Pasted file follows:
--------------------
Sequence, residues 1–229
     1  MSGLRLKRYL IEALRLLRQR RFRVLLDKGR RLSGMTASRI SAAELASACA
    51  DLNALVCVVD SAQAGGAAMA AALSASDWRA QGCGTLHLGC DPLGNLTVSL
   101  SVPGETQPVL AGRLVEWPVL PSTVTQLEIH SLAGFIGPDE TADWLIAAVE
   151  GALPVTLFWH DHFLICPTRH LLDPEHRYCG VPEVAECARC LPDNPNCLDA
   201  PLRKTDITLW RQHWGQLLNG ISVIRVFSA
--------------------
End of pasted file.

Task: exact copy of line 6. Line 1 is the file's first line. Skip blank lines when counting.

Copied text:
   201  PLRKTDITLW RQHWGQLLNG ISVIRVFSA